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Submitted by Robert Naiman on 23 November 2010 - 1:07pm
Press reports have suggested that Administration officials are trying to make Democratic voters forget that the Administration promised to start drawing down troops from Afghanistan in July 2011 by "pivoting" to the "aspirational goal" that "most" U.S. "combat troops" will be withdrawn by 2014. The Administration still says it will withdraw some troops in July 2011, but press reports suggest that the Administration may try to make this a "symbolic" withdrawal, not the "serious drawdown" (as Speaker Pelosi put it) involving "a whole lot of people" (as Vice-President Biden put it) that Democrats were led to expect.
But if these press reports about Administration strategy are correct, Administration political strategists may have another think coming. Democratic pollster Stan Greenberg suggests that continued escalation of the war in Afghanistan would be likely to draw a primary challenge, the Christian Science Monitor reports:
As Democratic pollster Stan Greenberg was leaving a Monitor breakfast last week, he was asked about the possibility that President Obama might face a Democratic primary challenge in 2012.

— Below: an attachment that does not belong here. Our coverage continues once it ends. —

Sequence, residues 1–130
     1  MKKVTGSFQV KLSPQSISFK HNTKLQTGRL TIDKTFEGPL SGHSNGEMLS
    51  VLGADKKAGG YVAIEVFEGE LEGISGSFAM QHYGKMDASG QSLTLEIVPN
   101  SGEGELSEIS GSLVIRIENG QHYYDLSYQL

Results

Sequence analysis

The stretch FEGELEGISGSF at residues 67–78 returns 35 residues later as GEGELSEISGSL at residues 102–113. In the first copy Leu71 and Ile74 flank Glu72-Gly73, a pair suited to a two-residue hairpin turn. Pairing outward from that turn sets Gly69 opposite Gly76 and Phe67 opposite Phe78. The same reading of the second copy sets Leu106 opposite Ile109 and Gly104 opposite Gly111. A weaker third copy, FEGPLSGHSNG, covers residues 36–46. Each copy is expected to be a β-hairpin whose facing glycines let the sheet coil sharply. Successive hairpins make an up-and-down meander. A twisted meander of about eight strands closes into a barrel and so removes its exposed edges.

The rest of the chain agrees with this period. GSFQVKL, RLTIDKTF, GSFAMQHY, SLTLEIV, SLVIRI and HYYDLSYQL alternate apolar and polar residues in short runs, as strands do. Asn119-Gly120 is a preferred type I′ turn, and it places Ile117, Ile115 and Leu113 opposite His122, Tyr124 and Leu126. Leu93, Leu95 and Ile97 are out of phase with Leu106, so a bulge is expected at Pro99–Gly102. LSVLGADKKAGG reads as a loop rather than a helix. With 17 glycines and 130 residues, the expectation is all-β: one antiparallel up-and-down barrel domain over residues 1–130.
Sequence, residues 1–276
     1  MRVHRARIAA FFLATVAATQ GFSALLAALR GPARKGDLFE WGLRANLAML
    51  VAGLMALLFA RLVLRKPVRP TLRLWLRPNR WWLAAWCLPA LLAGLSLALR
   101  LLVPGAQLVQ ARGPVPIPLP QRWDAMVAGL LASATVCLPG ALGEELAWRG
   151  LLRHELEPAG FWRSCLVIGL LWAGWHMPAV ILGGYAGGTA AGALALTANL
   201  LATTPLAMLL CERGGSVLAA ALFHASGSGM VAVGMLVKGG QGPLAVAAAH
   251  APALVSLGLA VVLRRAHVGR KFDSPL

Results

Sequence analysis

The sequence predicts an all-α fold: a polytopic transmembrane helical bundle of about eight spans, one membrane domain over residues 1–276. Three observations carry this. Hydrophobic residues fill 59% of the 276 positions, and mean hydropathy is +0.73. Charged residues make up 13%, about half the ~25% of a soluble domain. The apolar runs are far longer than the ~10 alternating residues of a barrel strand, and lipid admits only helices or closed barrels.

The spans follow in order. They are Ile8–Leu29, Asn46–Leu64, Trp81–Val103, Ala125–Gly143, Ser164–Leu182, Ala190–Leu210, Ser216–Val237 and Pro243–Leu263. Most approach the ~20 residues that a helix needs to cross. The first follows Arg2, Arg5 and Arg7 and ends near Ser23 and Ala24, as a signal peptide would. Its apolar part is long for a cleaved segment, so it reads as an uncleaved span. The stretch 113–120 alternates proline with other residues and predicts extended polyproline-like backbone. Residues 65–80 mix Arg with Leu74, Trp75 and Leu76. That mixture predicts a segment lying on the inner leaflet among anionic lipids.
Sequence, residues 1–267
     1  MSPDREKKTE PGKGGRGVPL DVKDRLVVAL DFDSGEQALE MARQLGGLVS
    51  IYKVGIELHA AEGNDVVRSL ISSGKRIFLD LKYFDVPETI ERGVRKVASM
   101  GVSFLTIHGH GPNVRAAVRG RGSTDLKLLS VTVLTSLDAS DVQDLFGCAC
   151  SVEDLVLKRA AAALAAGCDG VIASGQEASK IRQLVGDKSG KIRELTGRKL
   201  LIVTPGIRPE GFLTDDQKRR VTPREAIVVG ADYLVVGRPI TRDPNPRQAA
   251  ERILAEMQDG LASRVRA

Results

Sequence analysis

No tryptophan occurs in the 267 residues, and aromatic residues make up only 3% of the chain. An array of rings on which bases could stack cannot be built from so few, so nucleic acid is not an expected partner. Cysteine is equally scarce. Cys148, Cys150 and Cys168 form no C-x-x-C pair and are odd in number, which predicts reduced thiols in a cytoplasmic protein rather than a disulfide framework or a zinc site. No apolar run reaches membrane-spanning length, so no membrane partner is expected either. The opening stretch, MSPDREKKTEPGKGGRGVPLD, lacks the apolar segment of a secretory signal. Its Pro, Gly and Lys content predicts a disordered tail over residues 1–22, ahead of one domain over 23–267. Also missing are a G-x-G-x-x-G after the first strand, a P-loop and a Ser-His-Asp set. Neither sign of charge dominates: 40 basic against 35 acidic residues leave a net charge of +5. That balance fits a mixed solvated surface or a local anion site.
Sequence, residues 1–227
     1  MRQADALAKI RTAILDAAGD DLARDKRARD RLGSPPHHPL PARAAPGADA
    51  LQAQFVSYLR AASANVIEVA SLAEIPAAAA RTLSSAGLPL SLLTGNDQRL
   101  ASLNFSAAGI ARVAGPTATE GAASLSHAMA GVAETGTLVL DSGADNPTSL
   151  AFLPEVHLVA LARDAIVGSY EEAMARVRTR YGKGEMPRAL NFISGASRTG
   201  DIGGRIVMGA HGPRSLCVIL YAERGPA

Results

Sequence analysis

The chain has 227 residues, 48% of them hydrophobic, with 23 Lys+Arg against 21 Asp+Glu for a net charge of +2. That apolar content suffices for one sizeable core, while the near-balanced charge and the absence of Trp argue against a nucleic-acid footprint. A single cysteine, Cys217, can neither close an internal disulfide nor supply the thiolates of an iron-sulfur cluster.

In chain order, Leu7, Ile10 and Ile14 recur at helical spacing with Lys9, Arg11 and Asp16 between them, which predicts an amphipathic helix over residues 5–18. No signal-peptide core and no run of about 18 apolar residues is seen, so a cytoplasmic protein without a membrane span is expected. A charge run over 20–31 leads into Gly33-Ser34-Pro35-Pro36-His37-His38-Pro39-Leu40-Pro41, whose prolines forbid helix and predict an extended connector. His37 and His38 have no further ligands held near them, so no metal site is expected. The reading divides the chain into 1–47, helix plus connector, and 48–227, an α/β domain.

Mr. Greenberg's two-word answer: "Watch Afghanistan."
As the Monitor notes, a recent Quinnipiac University poll found that 62 percent of Democrats say US troops should not be in Afghanistan.
Submitted by Robert Naiman on 3 November 2010 - 2:59pm
It's bad enough that we lost progressive champions like Russ Feingold, and that the leadership and committees of the House will be taken over by advocates of domestic austerity and endless war. In addition, the airwaves and print media will now be filled with pundits saying that the lesson of the election is that Obama must move to the right and cut the budget, except the military. But the worst thing we must now face is that the 2010 election is likely a preview of 2012, unless at least one of two things happen: decisive federal action to boost economic growth and employment, now much more difficult to achieve than before, and some dramatic new element is introduced into our national politics that changes the character of national debate.
Jonathan Chait pointed out last week that based on the state of the economy, historical trends predicted a Democratic loss of more than 40 seats, enough for Republicans to take the House. In other words, on average, based on historical trends, the fate of the election was sealed when the Obama Administration proposed and Congress enacted an economic stimulus package that was much too small to counter the fall in domestic demand resulting from the collapse of the housing bubble. Everything else that happened in the election has to be judged according to the baseline expectation of the Democrats losing at least 40 seats - enough to lose the House - due to the failure to restore economic growth and employment with a sufficient stimulus to counteract the fall in private economic demand.